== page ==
Wednesday, December 23, 2009

Hibiscus denisonii

Hibiscus archeri, Hibiscus liliiflorus and
Hibiscus denisonii (light pink flower). 
Hibiscus denisonii

Hibiscus denisonii is considered by some to be a species of section Lilibiscus. Confusion and mystery shroud this plant, but at least the confusion regarding flower color can be put to rest: when blooms first open in the morning they are a pale pink color, but as the day progresses, they fade to white. The leaves themselves are very similar to Hibiscus liliiflorus (a species from the Mascarene Islands), although the flowers are somewhat smaller.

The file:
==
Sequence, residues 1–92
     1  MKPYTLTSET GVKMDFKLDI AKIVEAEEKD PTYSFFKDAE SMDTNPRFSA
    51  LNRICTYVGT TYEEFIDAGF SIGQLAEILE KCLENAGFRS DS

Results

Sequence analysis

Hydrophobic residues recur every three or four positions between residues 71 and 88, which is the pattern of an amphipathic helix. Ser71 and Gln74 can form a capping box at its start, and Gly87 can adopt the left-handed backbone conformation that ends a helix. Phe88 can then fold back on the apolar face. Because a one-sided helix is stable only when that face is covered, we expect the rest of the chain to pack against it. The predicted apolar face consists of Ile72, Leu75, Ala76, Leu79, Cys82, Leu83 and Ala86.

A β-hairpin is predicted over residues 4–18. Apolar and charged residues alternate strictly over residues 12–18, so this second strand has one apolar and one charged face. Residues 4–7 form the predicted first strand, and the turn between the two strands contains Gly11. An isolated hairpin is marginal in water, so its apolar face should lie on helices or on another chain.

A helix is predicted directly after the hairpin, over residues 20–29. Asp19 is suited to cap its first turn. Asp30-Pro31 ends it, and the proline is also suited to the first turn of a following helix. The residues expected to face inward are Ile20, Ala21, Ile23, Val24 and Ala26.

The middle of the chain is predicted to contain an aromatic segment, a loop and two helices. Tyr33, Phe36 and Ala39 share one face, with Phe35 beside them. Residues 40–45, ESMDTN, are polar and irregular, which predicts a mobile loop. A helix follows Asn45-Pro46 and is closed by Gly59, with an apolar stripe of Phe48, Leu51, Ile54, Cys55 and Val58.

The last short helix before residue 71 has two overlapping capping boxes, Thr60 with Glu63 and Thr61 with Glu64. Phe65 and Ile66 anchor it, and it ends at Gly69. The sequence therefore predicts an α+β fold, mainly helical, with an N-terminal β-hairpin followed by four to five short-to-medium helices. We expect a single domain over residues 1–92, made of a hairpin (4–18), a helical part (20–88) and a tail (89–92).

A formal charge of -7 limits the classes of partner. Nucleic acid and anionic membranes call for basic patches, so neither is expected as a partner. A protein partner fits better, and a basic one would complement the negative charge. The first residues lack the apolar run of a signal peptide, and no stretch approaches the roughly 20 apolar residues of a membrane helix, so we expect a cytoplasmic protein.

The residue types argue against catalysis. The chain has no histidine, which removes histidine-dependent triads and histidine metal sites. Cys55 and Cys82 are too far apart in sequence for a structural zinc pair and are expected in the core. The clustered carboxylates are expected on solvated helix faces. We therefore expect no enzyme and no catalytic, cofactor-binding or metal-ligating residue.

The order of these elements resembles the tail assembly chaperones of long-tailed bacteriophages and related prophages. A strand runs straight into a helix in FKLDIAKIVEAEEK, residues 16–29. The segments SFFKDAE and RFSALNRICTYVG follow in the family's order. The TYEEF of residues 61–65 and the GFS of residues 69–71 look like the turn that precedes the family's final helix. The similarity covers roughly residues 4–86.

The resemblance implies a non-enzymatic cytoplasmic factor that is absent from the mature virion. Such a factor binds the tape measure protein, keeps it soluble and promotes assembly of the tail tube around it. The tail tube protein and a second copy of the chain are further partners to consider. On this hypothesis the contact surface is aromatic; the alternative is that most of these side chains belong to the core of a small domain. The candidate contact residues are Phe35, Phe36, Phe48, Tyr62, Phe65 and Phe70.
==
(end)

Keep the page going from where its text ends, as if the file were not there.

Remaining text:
Ross Gast wrote: Little is known of the origin of this one; it was brought to England by B.S. Williams, English nurseryman, about 1875, and offered by him as a pot plant because the very small plants produced "large creamy white flowers", and modern horticultural literature still refers to it as a white. It was apparently named for William Denison, Governor of New South Wales, at the time the first material was sent to Kew, and the same man who sponsored Dr. Seeman's stay in Fiji. I saw and photographed H. denisonii at Kew a year ago and recorded it in my notes as being a "delicate pink" in color. The color photographs were taken in a poor light but they also show the flower to be pink. Both Paul Weissich and Dr.Y. Tachibana have H. denisonii, and they confirm the fact that it is pink in color, although turning to white late in the day. Honolulu, Hawaii October 24, 1963 Letters to J.W. Staniford 1963-67 from Ross H. Gast